dieback


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Words related to dieback

a disease of plants characterized by the gradual dying of the young shoots starting at the tips and progressing to the larger branches

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The spores invade the roots of susceptible plants, block water transport and cause root rot, leading to secondary symptoms of dieback and eventually to death; the process is hastened when infection is associated with stress due to either water deficit or water saturation.
There is quite a lot still to do, but we can now see a way forward using trees that are much less susceptible to the dieback.
Whilst there is hope that some trees will prove to be naturally tolerant to the ash dieback fungus, anything that can help stack the odds is welcome and these findings do seem promising.
Mr Jacob said the Phyto Fighter units, already in use by the Department of Parks and Wildlife on the south coast, helped remove dieback spores from footwear, thereby helping to limit the risk of the disease s spread.
Based on this research and similar studies in California about Eutypa dieback, ideally growers should avoid wet weather when pruning to reduce risk of infection, but this is not always possible.
Mr Seville will update members on the latest developments in the fight against ash dieback and Phytophthora ramorum in larch and will report on CLA activity and the implications for landowners.
Ash dieback, which can kill ash trees, is thought to have arrived on wind-blown spores and on imported saplings and has raised concerns about the future of one of the countryside's most common trees.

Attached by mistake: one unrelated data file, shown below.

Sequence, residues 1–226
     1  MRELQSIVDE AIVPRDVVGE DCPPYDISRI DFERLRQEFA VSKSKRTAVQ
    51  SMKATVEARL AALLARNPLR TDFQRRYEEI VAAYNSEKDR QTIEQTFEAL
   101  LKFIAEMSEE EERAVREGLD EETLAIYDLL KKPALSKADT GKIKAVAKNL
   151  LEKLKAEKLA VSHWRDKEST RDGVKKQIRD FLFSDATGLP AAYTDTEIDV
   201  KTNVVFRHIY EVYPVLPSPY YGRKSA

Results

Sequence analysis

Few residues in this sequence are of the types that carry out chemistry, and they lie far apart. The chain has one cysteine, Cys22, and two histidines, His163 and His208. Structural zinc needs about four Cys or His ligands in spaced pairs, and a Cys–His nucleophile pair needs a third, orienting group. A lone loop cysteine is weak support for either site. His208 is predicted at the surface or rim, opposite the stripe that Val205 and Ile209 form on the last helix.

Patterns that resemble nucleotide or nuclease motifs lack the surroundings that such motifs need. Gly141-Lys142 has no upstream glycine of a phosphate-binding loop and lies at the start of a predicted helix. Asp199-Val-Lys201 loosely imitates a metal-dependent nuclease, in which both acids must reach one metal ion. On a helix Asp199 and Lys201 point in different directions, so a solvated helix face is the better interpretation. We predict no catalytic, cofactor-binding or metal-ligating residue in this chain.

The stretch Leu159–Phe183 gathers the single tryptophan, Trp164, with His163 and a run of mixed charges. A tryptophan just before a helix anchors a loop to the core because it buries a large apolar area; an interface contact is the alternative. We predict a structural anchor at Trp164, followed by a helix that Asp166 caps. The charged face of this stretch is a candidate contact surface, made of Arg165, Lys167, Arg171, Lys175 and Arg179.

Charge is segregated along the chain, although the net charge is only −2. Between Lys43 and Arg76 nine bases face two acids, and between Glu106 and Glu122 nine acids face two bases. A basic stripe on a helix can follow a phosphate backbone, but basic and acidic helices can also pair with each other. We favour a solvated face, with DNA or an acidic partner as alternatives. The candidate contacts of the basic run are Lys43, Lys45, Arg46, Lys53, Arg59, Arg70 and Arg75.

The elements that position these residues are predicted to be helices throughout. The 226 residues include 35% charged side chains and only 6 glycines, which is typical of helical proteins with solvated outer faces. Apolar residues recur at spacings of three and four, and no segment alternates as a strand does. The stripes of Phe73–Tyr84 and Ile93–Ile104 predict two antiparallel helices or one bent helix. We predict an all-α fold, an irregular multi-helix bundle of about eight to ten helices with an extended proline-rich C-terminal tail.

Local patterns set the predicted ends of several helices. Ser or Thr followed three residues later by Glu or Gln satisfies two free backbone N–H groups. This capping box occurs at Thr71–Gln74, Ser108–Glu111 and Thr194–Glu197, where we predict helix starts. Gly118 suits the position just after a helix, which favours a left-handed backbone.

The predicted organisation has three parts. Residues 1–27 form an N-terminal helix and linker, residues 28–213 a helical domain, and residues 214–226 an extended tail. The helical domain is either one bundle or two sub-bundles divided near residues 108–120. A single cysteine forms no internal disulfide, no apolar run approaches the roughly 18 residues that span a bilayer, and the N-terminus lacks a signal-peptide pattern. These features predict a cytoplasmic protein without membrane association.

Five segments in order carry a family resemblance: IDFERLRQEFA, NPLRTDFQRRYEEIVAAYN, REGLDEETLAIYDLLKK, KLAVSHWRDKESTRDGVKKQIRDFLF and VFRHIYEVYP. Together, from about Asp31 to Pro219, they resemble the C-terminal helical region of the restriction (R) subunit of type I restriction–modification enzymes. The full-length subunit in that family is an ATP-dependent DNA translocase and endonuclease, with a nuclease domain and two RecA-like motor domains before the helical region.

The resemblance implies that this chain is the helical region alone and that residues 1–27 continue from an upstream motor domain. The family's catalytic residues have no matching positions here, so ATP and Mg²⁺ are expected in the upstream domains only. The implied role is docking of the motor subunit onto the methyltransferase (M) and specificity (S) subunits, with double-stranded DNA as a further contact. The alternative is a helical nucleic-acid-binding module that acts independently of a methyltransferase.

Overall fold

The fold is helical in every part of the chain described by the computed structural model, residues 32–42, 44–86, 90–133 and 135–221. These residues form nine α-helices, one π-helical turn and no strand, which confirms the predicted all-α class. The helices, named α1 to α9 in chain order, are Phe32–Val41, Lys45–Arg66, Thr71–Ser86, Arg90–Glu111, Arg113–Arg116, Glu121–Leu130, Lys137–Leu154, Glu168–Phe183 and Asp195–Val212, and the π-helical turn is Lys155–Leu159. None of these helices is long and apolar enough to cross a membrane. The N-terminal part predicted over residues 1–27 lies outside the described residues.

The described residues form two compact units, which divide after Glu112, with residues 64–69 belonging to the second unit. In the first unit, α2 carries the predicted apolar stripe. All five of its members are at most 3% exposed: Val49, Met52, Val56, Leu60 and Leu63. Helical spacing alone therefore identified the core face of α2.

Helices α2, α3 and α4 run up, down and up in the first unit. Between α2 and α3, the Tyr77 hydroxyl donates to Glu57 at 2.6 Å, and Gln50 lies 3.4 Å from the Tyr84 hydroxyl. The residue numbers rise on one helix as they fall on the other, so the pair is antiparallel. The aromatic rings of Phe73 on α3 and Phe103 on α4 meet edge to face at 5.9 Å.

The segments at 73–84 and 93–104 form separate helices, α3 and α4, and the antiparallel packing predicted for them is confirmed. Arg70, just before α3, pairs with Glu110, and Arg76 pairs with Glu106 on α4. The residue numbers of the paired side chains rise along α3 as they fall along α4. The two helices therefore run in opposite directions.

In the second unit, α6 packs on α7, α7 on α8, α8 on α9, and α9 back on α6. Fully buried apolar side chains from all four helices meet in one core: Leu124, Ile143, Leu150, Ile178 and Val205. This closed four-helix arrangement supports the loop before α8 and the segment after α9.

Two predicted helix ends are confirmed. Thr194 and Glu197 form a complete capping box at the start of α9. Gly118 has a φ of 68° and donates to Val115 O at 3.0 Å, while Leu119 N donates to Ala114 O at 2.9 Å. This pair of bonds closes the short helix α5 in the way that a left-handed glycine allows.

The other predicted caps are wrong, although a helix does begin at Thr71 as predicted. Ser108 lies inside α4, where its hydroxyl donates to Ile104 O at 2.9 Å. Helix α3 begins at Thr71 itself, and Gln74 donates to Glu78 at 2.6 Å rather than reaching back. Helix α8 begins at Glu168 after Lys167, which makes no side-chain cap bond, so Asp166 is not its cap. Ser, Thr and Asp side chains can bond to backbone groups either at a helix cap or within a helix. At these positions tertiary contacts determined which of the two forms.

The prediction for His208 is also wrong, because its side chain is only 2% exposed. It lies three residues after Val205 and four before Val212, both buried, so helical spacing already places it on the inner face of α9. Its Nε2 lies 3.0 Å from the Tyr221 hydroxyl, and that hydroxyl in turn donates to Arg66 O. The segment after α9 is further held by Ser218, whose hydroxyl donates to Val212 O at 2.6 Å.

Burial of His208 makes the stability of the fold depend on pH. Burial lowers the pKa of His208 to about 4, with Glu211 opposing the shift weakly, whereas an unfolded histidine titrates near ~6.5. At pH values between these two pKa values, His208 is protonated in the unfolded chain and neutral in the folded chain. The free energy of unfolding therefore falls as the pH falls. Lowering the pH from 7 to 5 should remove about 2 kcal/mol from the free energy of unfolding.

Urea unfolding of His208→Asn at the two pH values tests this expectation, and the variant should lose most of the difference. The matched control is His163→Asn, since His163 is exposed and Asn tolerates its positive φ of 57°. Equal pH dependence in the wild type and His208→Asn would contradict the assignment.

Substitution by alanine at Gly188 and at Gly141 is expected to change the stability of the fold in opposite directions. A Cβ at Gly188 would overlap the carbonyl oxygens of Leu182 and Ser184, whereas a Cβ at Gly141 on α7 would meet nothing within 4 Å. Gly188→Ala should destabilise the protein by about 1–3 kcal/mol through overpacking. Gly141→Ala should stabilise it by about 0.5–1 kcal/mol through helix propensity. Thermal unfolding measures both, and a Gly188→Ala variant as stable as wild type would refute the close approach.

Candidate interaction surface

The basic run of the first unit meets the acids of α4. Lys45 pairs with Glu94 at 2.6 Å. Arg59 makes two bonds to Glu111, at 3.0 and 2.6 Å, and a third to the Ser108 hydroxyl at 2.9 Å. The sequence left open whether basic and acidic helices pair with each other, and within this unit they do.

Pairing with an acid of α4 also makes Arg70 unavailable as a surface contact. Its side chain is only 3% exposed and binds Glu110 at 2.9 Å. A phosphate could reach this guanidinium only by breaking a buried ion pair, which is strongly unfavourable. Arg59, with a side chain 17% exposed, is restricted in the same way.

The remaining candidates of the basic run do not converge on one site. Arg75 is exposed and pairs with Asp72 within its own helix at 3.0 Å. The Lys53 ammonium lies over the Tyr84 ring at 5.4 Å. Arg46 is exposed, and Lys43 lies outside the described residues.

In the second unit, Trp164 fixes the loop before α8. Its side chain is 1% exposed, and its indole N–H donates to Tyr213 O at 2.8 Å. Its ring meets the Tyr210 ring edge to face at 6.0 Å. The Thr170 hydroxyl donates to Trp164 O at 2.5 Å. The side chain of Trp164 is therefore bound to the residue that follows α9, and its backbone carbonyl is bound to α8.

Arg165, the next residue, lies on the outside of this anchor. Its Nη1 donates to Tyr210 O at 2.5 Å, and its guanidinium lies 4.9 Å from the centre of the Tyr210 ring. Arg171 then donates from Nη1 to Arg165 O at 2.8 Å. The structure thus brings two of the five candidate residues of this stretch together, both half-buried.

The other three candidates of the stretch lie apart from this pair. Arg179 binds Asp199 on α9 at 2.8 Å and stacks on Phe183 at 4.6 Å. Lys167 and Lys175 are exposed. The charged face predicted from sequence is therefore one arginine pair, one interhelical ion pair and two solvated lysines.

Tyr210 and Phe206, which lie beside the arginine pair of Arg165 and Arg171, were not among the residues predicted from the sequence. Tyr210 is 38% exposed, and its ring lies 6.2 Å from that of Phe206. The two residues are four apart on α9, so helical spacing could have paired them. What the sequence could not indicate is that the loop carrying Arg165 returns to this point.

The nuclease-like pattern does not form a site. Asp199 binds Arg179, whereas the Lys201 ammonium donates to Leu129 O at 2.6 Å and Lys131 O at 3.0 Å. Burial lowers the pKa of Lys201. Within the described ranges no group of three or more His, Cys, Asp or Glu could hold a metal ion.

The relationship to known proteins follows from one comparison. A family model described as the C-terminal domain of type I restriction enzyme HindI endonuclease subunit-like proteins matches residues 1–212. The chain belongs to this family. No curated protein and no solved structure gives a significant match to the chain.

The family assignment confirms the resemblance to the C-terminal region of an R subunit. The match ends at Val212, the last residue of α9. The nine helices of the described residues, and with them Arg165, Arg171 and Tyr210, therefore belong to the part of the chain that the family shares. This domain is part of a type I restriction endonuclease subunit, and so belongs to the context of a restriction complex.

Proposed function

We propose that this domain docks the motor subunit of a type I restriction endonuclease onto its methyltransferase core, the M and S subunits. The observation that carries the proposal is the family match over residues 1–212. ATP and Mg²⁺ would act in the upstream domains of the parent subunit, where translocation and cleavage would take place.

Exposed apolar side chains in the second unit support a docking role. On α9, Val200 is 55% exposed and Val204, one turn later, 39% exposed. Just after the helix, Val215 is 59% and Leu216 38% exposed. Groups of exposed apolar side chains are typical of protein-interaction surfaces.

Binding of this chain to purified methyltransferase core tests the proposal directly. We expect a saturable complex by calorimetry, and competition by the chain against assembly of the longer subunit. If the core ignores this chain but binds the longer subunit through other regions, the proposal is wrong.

Dead or dying tops of trees, most easily seen throughout summer; wilting leaves, most visible in spring and early summer; lesions and cankers on stems/branches/shoots, visible throughout the year; dieback of leaves with brown/black leaf stalks, seen throughout summer; fruiting bodies on fallen blacked leaf stalks, visible June to October; staining of wood under bark lesions, visible throughout the year.
Ash dieback was first detected this year in seedlings imported from the Netherlands.
It is possible fungi could get a bad reputation following recent headlines about ash dieback, the tree disease caused by a fungus called chalara fraxinea.
Signs to look out for are leaf dieback and damage to bark and crowns of trees.
Researchers have recently discovered that a common agricultural herbicide, diuron, is correlated with the severe dieback of common grey mangroves (Avicennia marina), a widespread species integral to coastal ecosystems of the north.
If they live longer than that, they may become increasingly unattractive on account of continuous dieback of their twigs and stems.
Moreover, capture rates the next spring showed that rodent populations had not experienced a typical winter dieback.
Their lead program, the Andara OFS, has been developed to take advantage of the demonstrated ability of weak electrical fields to prevent the dieback of and promote the growth of nerve fibers.